Tuesday, October 16, 2007

The year of voting Democratically

By Michael J.W. Stickings

I don't want to get ahead of myself, and I certainly don't want to get prematurely excited about the 2008 elections, but, well, things are looking good for the good guys. You've likely heard much of this already, but the L.A. Times sums it up nicely:

For members of Congress, this is the time to get serious about seeking re-election next year or leaving office for something new. So far, only one party is heading for the exits.

While 17 Republicans already have decided to throw in the towel on their Capitol Hill careers, only two Democrats so far are calling it quits -- and both of them are seeking higher congressional office. The disparity underscores the different moods prevailing in the two parties: Democrats, still heady from winning control of Congress 2006, are enjoying the fruits of power. Republicans, their party reduced to minority status in the House and Senate, see more allure in retirement or private life.


The wave of retirements compounds the political challenge facing the GOP in the 2008 congressional elections, because the party is significantly trailing its Democratic counterparts in fundraising. That means Republicans will be defending more House and Senate seats with less money and will be fighting battles in places that otherwise would have been secure.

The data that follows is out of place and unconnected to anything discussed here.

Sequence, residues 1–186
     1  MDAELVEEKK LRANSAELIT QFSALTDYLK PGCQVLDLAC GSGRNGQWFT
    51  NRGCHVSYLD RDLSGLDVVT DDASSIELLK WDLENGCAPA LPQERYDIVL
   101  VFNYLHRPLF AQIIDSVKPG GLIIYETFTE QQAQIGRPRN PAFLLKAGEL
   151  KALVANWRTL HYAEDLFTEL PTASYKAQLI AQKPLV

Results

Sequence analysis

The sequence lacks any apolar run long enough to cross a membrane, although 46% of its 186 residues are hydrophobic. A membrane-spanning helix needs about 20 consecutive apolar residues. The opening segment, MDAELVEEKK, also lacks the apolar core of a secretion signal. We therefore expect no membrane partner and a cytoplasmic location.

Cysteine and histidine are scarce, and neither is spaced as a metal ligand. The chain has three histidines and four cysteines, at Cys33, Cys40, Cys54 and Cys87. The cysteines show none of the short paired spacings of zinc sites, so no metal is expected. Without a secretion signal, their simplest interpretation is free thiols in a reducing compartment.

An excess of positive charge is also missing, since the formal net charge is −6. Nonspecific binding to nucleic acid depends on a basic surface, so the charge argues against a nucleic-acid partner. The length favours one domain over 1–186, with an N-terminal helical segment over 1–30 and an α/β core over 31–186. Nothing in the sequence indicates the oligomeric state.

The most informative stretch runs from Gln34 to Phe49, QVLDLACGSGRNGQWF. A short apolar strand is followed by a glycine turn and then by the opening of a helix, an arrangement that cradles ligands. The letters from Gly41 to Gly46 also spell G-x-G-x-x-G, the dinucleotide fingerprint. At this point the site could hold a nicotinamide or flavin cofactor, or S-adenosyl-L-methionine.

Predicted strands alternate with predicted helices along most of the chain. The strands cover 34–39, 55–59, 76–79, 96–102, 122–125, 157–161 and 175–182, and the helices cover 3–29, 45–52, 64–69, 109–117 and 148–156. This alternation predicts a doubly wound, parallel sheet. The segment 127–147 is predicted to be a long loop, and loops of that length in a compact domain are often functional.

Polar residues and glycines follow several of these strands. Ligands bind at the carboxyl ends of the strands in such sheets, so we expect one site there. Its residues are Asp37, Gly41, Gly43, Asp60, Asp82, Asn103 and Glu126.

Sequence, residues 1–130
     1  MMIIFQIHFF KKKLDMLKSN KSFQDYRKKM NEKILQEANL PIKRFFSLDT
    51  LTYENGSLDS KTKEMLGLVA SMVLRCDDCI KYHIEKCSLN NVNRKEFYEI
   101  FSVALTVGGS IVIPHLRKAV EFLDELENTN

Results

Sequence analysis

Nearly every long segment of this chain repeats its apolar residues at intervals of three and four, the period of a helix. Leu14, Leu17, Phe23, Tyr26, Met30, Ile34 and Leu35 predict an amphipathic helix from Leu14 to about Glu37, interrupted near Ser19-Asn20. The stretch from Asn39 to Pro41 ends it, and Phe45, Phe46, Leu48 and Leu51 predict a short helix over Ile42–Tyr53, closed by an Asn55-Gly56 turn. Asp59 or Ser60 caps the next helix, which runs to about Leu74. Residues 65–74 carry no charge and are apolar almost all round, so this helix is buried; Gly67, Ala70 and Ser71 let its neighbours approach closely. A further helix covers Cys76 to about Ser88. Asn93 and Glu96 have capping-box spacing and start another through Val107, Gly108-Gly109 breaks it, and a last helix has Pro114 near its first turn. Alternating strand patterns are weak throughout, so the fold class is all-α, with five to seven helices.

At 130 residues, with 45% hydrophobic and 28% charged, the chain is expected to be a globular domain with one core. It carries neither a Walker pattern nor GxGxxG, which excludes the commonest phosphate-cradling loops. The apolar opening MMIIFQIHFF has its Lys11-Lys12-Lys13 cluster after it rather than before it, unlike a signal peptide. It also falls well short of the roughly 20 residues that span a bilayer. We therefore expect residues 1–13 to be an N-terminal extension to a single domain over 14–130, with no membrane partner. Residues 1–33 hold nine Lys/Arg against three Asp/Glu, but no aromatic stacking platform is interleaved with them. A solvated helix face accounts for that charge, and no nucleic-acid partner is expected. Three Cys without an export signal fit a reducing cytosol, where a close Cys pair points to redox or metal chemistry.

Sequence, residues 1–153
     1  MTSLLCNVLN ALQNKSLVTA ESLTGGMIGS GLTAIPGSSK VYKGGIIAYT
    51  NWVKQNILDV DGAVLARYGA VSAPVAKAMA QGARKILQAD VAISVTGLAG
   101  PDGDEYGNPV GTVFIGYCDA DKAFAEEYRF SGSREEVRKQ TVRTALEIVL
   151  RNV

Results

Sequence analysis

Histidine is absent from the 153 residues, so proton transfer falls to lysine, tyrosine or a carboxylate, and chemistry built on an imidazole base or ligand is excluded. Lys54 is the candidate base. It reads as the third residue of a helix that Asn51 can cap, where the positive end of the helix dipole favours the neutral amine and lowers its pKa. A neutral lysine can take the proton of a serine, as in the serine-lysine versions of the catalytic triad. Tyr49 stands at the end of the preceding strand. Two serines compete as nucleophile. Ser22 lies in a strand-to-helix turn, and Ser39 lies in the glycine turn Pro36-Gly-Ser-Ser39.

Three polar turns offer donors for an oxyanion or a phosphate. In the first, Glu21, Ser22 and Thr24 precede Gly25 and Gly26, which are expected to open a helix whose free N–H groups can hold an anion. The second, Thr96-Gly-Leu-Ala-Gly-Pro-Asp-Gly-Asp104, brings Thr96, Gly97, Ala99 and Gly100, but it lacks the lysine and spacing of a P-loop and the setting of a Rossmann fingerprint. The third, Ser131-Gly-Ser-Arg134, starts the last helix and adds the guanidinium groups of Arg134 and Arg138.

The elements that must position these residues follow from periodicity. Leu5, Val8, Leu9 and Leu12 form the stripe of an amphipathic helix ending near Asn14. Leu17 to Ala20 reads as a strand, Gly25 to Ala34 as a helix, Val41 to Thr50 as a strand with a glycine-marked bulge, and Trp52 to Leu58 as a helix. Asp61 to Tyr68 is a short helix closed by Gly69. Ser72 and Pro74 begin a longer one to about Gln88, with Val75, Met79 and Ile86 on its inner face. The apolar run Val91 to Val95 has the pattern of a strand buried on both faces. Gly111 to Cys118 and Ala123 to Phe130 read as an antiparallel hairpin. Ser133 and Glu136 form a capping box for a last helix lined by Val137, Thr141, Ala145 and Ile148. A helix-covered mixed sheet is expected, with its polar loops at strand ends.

And there's this: Of the 34 Senate seats being contested next year, 22 are currently held by Republicans. There are many more seats for the GOP to defend -- and therefore many more to lose. Several Republican incumbents in blue or bluish states -- Collins (Maine), Coleman (Minnesota), Sununu (New Hampshire), and Smith (Oregon) -- will face serious and credible challenges from Democratic opponents. As well, a few Republican retirements -- Allard (Colorado), Domenici (New Mexico), and Warner (Virginia) -- open up races for possible Democratic gains.

There is nothing like this on the Democratic side, where most of the incumbents should be able to hold on to their seats.

Again, caution.

There is still a long way to go before the elections -- almost 13 months. Much could change. The Republicans could somehow recover much of what they have lost. The Democrats could falter. Much will hinge on how the presidential race plays out. And, as always, much will depend on external factors (as well as on the partisan manipulation of such factors by the outgoing president): Iraq, terrorism, the economy, etc. And then, of course, there's voter turnout: Will the religious right come out for Republicans? Will Democrats be able to build off their successful get-out-the-vote efforts in recent elections? And will independents turn to (or stay with) the Democrats?

As of right now, the Democrats seem to have a great deal going for them. And, as long as we can keep our focus, there's nothing wrong with being excited about their prospects.

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